(4.4.55)

    where V1 is the voltage drop across the p-type quasi-neutral region. This equation can then be solved for V1 yielding

    (4.4.56)

    High injection occurs (by definition) when the excess minority carrier density exceeds the doping density in the material. It is under such conditions that also the majority carrier density increases since, for charge neutrality to exist, the excess electron density has to equal the excess hole density: If there exists a net charge, the resulting electric field causes the carriers to move so that charge neutrality is restored.

    We repeat the high injection analysis without assuming a “large” applied voltage Va, while providing more detail and deriving equations (4.4.52), (4.4.53) and (4.4.56).

    The analysis starts by assuming a certain excess carrier density so that the total density can be written as the sum of the thermal equilibrium density plus the excess carrier density. For an n-type region this yields the following equations:

    (4.4.57)
    (4.4.58)

    The product of the carrier densities can be expressed as a function of the intrinsic density in the following way:

    (4.4.59)

    where it was assumed that the semiconductor is non-degenerate and that the difference between the electron and hole quasi Fermi energies in electron volt equals the applied voltage in volt. Quasi-neutrality implies that the excess densities are the same, which yields a quadratic equation for the minority carrier density pn:

    (4.4.60)

    which yields a value for the minority carrier density at the edge of the depletion region.

    (4.4.61)

    The associated current is a diffusion current and using a procedure similar to that for calculating the ideal diode current in a "long" diode one obtains the following hole current.

    (4.4.62)

    The electron current due to diffusion of electrons in the p-type region is given by a similar expression:

    (4.4.63)

    These expressions can be reduced to the ideal diode expressions provided that the excess minority density is much smaller than one quarter of the doping density, or:

    (4.4.64)

    while if the excess minority carrier density is much larger than one quarter of the doping density and an expression is obtained which is only valid under high injection conditions:

    (4.4.65)

    A closer examination of the problem prompts the question whether the full depletion approximation is still valid since the sign of potential across the semiconductor reverses. However the increase of the majority carrier density beyond the doping density causes a potential variation across the "quasi-neutral" region. This voltage in the n-type region is given by:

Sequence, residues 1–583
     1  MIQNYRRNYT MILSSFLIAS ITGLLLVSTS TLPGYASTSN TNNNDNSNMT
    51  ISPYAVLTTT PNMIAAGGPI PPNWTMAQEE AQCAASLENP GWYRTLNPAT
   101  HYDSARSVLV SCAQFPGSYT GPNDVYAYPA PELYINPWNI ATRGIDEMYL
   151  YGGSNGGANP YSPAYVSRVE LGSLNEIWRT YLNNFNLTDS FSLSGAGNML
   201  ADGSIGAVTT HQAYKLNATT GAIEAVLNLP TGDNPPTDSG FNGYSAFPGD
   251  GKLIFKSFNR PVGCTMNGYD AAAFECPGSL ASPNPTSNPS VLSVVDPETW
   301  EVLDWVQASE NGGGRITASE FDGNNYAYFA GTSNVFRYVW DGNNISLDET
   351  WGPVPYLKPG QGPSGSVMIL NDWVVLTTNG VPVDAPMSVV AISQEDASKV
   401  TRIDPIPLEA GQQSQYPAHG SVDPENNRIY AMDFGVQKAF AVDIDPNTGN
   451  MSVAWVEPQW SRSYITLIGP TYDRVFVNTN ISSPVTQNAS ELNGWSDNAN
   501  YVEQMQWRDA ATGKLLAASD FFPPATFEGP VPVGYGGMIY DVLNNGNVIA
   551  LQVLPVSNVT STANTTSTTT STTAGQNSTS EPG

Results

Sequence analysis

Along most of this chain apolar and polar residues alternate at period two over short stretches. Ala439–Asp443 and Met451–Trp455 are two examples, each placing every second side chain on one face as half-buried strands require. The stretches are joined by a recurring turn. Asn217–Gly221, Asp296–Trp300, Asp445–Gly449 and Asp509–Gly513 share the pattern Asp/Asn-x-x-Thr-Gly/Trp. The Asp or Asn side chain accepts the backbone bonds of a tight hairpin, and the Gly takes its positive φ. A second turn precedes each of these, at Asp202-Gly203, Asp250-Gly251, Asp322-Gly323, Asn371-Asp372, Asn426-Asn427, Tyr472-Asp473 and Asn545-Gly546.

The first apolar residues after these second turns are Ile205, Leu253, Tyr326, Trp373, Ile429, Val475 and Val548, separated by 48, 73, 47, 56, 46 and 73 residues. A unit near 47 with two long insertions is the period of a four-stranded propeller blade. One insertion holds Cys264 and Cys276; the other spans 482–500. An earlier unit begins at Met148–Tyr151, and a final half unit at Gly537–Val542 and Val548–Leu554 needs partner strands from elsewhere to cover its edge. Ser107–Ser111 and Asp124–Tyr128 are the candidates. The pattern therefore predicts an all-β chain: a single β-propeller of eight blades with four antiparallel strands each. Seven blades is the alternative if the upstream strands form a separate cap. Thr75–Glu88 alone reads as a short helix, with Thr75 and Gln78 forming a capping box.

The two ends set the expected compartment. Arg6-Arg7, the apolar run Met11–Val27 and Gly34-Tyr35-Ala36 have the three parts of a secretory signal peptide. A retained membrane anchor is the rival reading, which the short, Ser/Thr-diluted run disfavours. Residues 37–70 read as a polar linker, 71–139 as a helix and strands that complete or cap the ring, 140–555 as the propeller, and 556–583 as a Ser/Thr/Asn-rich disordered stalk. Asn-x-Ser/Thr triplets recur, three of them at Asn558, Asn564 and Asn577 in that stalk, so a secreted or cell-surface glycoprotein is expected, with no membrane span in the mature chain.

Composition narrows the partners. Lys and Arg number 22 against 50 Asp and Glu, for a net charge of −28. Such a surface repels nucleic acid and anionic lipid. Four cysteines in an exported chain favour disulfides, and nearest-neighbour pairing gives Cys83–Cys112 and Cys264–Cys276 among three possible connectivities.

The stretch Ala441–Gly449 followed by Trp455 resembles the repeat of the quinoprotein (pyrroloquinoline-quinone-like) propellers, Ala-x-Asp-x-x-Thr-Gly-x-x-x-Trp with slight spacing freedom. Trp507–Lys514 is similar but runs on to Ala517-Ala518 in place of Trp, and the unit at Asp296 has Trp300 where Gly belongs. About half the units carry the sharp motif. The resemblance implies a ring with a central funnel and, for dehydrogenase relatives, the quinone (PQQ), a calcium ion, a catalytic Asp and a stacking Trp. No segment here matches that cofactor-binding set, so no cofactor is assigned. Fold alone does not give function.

(4.4.66)

    and similarly for the p-type region:

    (4.4.67)

    The potentials across the "quasi-neutral" region causes a larger potential across the depletion layer, since they have opposite sign, so that the depletion layer width as calculated using the modified potential f = fiVa + Vn + Vp does not become zero.

    As an example we now consider an abrupt one-sided p-n diode. The current is shown as function of the voltage in Figure 4.4.7. It is calculated for a rather low n-type doping of 1013 cm-3 to further highlight the high injection effects.

    Figure 4.4.7:Current-Voltage characteristics of a p+-n diode including the effects of high injection and a linear series resistance.

    The dotted line on Figure 4.4.7 fits the current at high forward bias. The slope is 1 decade/120 mV, which corresponds to an ideality factor of 2. Figure 4.4.8 and Figure 4.4.9 provide a more detailed look at the high injection condition. Figure 4.4.8 presents the carrier densities in the n-type region. Once can observed that the majority carrier (electron) density increases beyond the doping density and tracks the minority carrier (hole) density in the region up to 50 mm away from the junction.

    Figure 4.4.8:Electron and hole density under high injection conditions.

    Figure 4.4.9 provides the energy band diagram at a 0.6 V bias. Band bending can be observed in the quasi-neutral region.

    Figure 4.4.9:Energy band diagram under high injection conditions.

    4.4.7. Heterojunction Diode Current

    Next Subsection

    This section is very similar to the one discussing currents across a homojunction. Just as for the homojunction we find that current in a p-n junction can only exist if there is recombination or generation of electron and holes somewhere throughout the structure. The ideal diode equation is a result of the recombination and generation in the quasi-neutral regions (including recombination at the contacts) whereas recombination and generation in the depletion region yield enhanced leakage or photocurrents.

    4.4.7.1. Ideal diode equation

    For the derivation of the ideal diode equation we will again assume that the quasi-Fermi levels are constant throughout the depletion region so that the minority carrier densities at the edges of the depletion region and assuming "low" injection are still given by:

    (4.4.68)
    (4.4.69)

    Where ni,n and ni,p refer to the intrinsic concentrations of the n and p region. Solving the diffusion equations with these minority carrier densities as boundary condition and assuming a "long" diode we obtain the same expressions for the carrier and current distributions:

    (4.4.70)
    (4.4.71)
    (4.4.72)
    (4.4.73)

    Where LpLn are the hole respectively the electron diffusion lengths in the n-type and p-type material, respectively. The difference compared to the homojunction case is contained in the difference of the material parameters, the thermal equilibrium carrier densities and the width of the depletion layers. Ignoring recombination of carriers in the base yields the total ideal diode current density Jideal: